My daughter has mild cerebral palsy due to a uterine rupture I had during labor and delivery. I was given Cytotec in 1998 to induce labor, which put me at great risk of having a uterine rupture due to a previous c-section. I did not give them consent to use this off label drug on me, and they did not ask me to sign a consent. They did not advise me of any risks. We both almost lost our lives. They did not recognize all the classic signs of uterine rupture as I begged for an hour for an emergency c-section and told them something was wrong. My daughter went totally outside my uterus and was floating in my abdomen detached from placenta. They delayed in recognizing distress on fetal monitoring strips. OBGYN wouldn't leave work 5 minutes away to come check on me, until end.Still devastasted
Personal Injury Lawyer
Obtain a consultation promptly.
Each state has its own unique statutes of limitation and exceptions for minors and my understanding is that you may be able to contemplate a case for your daughter. However, you should seek a consultation with an experienced malpractice attorney ASAP.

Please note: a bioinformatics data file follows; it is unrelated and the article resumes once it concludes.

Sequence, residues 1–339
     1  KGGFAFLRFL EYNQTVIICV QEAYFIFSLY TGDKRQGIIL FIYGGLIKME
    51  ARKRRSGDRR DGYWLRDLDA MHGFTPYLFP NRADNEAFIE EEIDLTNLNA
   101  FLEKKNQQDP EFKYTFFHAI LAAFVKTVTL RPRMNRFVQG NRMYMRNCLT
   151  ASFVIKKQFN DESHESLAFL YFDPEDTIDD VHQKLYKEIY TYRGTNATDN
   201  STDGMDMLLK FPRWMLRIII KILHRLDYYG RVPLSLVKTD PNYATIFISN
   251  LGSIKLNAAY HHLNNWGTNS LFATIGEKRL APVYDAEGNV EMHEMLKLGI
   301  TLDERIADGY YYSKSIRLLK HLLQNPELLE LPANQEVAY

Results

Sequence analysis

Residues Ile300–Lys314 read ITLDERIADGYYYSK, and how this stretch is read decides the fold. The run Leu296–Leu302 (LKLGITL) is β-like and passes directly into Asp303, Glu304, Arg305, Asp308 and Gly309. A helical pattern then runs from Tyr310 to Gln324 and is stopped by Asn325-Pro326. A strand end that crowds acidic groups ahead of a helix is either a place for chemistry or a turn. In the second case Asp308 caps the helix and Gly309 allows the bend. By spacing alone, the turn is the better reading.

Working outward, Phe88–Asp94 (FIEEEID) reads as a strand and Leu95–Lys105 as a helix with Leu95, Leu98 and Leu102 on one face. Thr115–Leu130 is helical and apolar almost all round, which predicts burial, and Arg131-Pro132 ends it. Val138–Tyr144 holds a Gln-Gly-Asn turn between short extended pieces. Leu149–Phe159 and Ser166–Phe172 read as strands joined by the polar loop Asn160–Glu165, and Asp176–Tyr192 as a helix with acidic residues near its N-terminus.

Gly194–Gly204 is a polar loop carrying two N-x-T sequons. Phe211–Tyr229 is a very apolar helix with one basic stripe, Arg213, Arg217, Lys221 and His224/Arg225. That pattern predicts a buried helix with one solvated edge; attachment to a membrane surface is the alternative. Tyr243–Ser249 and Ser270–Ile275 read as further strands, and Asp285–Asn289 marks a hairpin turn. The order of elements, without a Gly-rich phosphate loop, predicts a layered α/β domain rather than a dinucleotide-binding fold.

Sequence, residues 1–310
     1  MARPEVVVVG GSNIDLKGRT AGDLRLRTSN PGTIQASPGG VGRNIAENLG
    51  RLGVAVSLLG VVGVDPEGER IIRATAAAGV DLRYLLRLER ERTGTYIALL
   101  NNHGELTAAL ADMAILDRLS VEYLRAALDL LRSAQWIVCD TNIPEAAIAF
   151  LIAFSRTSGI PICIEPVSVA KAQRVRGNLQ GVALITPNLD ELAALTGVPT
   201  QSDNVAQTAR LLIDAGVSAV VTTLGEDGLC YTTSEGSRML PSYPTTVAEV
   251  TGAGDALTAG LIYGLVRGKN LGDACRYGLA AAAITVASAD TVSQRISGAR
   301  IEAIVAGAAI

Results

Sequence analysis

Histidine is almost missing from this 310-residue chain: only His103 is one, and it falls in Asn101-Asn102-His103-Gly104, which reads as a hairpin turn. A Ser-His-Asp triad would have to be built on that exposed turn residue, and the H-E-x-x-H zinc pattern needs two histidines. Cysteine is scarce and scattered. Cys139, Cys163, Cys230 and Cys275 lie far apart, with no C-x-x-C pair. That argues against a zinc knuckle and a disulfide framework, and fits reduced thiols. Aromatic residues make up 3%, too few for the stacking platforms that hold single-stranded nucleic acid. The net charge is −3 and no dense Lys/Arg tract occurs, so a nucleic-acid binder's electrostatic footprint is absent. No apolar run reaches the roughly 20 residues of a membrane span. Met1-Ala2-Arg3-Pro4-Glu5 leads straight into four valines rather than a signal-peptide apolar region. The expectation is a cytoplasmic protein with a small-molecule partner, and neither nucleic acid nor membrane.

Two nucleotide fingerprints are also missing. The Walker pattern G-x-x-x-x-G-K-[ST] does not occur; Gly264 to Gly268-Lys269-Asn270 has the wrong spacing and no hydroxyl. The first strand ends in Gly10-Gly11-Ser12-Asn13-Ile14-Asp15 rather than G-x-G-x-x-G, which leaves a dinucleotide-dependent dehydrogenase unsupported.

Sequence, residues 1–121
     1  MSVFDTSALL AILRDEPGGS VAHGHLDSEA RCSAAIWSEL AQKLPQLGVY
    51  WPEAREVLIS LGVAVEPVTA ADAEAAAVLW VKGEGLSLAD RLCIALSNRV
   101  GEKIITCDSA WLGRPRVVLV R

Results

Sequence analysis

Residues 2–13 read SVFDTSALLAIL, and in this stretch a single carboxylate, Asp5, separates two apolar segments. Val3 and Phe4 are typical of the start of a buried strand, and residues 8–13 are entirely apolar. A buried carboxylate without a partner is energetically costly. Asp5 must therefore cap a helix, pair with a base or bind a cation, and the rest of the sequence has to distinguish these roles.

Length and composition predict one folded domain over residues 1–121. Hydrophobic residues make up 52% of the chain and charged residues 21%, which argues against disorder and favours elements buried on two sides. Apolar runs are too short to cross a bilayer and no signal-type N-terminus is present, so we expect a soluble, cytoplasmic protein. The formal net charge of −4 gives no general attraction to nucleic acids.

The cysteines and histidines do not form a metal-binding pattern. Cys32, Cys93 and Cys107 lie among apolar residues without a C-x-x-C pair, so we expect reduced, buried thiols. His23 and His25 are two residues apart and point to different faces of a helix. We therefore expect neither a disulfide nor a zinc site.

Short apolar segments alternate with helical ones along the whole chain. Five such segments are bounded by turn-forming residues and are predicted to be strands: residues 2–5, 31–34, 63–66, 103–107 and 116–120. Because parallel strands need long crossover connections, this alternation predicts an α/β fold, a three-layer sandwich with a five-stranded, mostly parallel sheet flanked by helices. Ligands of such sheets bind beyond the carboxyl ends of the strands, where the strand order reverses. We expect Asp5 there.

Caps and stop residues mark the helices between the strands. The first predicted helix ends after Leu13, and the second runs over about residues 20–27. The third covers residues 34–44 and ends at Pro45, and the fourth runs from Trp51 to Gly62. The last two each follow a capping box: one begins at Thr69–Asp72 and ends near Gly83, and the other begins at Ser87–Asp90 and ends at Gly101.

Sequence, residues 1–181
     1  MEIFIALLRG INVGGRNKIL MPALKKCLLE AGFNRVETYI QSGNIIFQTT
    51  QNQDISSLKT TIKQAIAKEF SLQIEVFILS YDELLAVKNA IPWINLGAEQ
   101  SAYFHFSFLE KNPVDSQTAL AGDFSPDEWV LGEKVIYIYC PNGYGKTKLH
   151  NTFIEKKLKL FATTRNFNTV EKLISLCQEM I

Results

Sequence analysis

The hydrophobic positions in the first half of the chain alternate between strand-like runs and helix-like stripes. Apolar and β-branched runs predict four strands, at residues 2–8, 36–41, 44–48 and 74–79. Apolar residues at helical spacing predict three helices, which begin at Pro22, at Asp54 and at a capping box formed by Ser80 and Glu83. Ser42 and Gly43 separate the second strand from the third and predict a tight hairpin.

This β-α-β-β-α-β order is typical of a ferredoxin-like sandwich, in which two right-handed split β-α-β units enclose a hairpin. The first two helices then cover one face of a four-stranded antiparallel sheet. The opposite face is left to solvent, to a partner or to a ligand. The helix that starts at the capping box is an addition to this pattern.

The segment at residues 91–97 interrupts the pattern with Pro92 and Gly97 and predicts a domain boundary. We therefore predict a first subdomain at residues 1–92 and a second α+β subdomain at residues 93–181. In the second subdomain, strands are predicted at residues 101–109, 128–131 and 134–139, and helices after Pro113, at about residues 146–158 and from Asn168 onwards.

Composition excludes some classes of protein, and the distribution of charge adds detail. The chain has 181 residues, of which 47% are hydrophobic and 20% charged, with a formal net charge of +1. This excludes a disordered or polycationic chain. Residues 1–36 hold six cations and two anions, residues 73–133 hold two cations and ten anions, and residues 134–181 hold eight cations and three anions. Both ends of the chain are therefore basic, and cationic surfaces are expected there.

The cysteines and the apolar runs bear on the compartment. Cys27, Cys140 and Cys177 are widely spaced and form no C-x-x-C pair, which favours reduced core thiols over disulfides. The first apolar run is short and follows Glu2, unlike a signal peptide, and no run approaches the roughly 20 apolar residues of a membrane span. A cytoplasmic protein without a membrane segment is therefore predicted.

Law Offices of Andrew D. Myers, North Andover, MA & Derry, NH provide answers for informational purposes only. Actual legal advice can only be given by an attorney licensed in your jurisdiction, thoroughly familiar with the area of the law in which your concern lies. This creates no attorney-client relationship.
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The statute of limitations for medical malpractice in NC is very short, in my opinion. You have 3 years from the date of the operation, or 3 years from the date of discovery of the issue. However, nothing can be more than 4 years away from the initial date of the operation. In other words, if the case is more than 4 years old there isn't much you can do. However, I suggest talking with a medical malpractice attorney in charlotte, most give free consultations and they can give you a more firm answer.
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Family Law Attorney
I disagree with the first answer given. Since your daughter is only age 14, she is still a minor under NC law. Therefore, the statute of limitation should not start running against her until she turns 18. Then she gets 3 years. That means she can still sue until she reaches age 21. However, I would not wait that long. You can initiate a lawsuit on her behalf as guardian ad litem. Unfortunately, any claim you might of made yourself has expired due to the SOL. This lawsuit would not be easy though. The evidence may no longer even be around after all these years. I hope you kept copies of all the medical records. There are some really good medmal attorneys in NC who do a lot of labor & delivery cases. Contact the NC Academy of Justice and ask for referrals.
1 lawyer agrees